In a surprising move two years ago, El Salvador made global headlines as it became the pioneer in officially adopting Bitcoin as a recognised, legal currency.
Reporters from various corners of the globe flocked to this Central American country with a population of 6.3 million, all eager to chronicle this ground-breaking shift in the monetary landscape.
The date that marked this transformative development was September 7 2021, a date when a small nation briefly captivated the entire world’s attention.
Since that time analysts, investors, as well as the usual army of cynics (almost always based in wealthy countries), have been debating which country, if any, would be next to make Bitcoin legal tender after El Salvador.
For example, I wrote for City AM previously that it could be Panama, Paraguay, Guatemala, or Honduras.
But there’s a new nation that is gaining an increasing amount of speculation on this issue: Argentina, a country that’s fighting against triple digit inflation, its highest in over three decades, and that could climb to near 200% by the end of the year.
“Rapidly rising prices, which have sped up this month after the government allowed a near 20% devaluation of the peso currency, are hammering consumers, pushing up poverty and stoking voter anger ahead of October general elections,” reports Reuters.
The argument that Argentina could be next holds water for three main reasons.
First, while it is a bold and unconventional move, it could potentially yield several significant economic benefits.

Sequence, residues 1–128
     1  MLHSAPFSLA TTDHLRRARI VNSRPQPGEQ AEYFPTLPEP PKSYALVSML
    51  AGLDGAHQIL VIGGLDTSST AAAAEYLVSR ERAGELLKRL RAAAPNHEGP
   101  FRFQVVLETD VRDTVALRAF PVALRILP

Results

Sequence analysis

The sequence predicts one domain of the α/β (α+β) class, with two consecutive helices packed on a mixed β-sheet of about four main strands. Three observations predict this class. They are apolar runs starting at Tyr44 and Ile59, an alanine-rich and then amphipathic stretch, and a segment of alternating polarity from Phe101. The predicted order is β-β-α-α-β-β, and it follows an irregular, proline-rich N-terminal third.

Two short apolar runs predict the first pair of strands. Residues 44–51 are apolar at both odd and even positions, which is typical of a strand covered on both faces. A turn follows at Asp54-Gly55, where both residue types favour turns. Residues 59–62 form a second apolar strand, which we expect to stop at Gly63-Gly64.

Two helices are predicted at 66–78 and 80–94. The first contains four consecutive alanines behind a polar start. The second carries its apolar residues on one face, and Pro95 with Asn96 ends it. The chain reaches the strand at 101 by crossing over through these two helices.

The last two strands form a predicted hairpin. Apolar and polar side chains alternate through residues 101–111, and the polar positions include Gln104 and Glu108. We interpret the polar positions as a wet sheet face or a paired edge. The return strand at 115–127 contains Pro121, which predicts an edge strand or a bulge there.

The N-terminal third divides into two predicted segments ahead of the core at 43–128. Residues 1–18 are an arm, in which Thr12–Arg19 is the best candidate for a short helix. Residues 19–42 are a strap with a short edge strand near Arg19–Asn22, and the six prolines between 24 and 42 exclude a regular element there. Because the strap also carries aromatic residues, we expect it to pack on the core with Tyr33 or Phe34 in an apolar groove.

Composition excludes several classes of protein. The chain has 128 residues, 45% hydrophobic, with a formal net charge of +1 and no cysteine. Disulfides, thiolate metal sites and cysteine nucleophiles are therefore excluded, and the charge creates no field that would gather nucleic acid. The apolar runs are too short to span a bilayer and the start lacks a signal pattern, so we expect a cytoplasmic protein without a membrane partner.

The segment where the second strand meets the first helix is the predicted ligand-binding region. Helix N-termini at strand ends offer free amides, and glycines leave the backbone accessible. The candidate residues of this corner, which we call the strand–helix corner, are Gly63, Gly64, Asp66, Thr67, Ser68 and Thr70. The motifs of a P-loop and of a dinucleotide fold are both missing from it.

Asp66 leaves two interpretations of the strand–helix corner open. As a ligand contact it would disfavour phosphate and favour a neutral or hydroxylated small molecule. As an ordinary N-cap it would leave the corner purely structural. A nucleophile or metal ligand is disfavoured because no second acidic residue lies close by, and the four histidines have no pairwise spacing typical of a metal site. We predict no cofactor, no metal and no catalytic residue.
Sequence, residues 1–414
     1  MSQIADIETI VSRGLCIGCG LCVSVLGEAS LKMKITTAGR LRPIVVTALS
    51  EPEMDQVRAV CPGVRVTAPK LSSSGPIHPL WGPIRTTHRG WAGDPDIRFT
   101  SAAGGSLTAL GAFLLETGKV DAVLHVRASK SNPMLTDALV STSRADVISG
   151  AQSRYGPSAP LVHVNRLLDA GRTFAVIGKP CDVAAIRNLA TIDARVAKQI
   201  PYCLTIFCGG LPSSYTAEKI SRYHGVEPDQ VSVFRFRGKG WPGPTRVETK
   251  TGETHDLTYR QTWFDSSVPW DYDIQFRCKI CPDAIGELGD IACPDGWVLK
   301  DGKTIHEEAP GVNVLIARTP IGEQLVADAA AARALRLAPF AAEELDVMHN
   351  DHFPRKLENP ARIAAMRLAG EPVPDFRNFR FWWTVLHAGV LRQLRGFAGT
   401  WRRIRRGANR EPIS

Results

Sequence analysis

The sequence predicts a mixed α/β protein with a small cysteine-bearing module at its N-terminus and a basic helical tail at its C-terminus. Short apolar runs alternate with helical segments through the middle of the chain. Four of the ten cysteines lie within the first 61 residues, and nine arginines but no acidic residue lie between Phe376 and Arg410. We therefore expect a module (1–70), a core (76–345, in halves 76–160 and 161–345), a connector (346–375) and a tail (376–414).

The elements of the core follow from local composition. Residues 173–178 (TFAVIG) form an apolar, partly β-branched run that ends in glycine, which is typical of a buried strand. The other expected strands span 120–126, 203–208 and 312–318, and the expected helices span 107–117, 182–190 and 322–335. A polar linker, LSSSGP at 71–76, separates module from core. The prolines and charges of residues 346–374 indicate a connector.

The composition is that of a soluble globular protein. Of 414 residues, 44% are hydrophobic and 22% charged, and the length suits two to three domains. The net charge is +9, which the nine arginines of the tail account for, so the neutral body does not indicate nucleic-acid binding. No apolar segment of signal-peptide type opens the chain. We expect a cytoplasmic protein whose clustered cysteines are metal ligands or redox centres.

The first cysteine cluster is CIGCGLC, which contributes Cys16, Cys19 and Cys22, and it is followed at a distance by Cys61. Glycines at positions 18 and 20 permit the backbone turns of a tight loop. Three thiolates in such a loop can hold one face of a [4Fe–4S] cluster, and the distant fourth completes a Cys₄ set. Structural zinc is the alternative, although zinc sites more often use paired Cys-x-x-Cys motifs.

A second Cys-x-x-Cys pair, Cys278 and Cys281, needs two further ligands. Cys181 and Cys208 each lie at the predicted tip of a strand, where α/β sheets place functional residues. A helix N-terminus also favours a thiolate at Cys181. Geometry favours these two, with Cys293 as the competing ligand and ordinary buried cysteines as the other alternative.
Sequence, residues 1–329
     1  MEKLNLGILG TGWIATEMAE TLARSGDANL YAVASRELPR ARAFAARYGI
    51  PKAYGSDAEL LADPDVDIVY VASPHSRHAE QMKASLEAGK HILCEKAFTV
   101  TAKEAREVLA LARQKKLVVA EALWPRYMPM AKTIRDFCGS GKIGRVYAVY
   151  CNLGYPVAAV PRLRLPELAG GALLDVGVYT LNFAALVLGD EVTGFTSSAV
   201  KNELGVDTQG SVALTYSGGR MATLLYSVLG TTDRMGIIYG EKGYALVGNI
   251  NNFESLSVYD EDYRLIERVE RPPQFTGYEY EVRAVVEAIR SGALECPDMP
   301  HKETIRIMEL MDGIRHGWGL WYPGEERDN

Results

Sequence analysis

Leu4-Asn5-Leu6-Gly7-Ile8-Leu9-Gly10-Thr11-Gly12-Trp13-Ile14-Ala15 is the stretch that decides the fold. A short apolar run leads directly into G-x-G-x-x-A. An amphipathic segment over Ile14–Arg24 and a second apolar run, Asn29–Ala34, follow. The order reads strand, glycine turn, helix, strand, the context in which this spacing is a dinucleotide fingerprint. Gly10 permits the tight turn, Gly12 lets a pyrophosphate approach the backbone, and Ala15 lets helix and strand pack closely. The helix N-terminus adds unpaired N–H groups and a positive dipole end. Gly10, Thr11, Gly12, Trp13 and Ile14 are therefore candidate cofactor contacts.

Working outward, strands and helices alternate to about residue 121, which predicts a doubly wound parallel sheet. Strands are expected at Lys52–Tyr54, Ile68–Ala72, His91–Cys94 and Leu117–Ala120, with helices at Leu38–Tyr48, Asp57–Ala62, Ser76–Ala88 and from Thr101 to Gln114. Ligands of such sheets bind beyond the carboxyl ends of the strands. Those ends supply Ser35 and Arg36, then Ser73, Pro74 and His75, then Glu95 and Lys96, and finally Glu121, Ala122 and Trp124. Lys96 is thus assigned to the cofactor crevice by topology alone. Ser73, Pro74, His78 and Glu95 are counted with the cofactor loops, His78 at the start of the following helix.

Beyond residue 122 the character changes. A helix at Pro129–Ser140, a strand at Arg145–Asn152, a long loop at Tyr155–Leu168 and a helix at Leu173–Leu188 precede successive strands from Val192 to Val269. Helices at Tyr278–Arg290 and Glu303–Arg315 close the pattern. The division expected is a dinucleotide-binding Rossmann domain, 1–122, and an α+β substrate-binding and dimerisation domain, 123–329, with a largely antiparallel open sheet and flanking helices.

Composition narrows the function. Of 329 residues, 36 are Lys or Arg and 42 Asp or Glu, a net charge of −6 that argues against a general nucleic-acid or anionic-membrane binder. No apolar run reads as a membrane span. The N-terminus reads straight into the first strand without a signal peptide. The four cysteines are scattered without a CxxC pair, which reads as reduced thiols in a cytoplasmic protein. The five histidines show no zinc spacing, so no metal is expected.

The Argentine Peso’s tumultuous history of devaluation has eroded trust in the national currency. By incorporating Bitcoin as legal tender alongside the Peso, Argentina can offer its citizens an alternative means of conducting transactions and storing value. This diversification could enhance economic stability and resilience.
One of the most compelling advantages of adopting Bitcoin is its potential to serve as a formidable hedge against hyperinflation. Unlike traditional fiat currencies, which can rapidly lose value due to excessive money printing, Bitcoin has a fixed supply. This scarcity feature can safeguard the wealth of Argentinians, offering a haven for their savings in times of economic turmoil.
Also, Bitcoin’s decentralised nature and accessibility through smartphones can bridge the financial inclusion gap, enabling those without bank accounts to participate in the economy. Citizens can store, send, and receive funds securely, potentially reducing the economic disparities exacerbated by hyperinflation.
Second, presidential candidate Javier Milei, known for his fiercly pro-Bitcoin approach and libertarian economics – amongst other less salubrious ideas – earned the top spot in Argentina’s primary last month, ahead of the October general election.
And third, Argentine leaders will be looking to El Salvador to see if the Bitcoin experiement has been successful.
It’s a mixed report, but then it always would be when launching a new legal and digital tender with no roadmap to do so.
Although banking giant Santander in a recent report writes: “The bottom line is that the Bukele administration is now consistently showing a market friendly approach on policy management that further reaffirms its willingness to repay… debt.”
It goes on to say that the country, which has a bleak history of defaulting on its international debt obligation, is now unlikely to do so until at least 2029 – probably the furthest out they will go with such analysis.
Bitcoin as legal tender offers Argentina a unique opportunity to address some of its long-standing economic challenges, although it does come with plenty of risks too, of course.
Yet to me, the environment there now seems be ripe for leaders Buenos Aires to seriously consider taking the plunge.